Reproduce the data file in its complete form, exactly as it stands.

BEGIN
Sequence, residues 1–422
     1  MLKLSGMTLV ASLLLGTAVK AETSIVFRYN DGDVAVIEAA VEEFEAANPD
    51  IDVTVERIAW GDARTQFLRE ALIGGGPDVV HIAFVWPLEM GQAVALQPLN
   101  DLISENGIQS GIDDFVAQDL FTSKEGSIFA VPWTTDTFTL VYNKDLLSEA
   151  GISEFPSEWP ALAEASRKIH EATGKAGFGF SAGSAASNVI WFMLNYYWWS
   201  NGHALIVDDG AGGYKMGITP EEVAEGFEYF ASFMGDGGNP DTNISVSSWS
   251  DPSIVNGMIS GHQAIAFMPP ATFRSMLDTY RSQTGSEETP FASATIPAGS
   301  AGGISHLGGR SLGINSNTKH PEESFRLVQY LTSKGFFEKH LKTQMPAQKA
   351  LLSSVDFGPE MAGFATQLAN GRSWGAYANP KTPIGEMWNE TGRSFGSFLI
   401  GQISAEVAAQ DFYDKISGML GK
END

Sequence, residues 1–422
     1  MLKLSGMTLV ASLLLGTAVK AETSIVFRYN DGDVAVIEAA VEEFEAANPD
    51  IDVTVERIAW GDARTQFLRE ALIGGGPDVV HIAFVWPLEM GQAVALQPLN
   101  DLISENGIQS GIDDFVAQDL FTSKEGSIFA VPWTTDTFTL VYNKDLLSEA
   151  GISEFPSEWP ALAEASRKIH EATGKAGFGF SAGSAASNVI WFMLNYYWWS
   201  NGHALIVDDG AGGYKMGITP EEVAEGFEYF ASFMGDGGNP DTNISVSSWS
   251  DPSIVNGMIS GHQAIAFMPP ATFRSMLDTY RSQTGSEETP FASATIPAGS
   301  AGGISHLGGR SLGINSNTKH PEESFRLVQY LTSKGFFEKH LKTQMPAQKA
   351  LLSSVDFGPE MAGFATQLAN GRSWGAYANP KTPIGEMWNE TGRSFGSFLI
   401  GQISAEVAAQ DFYDKISGML GK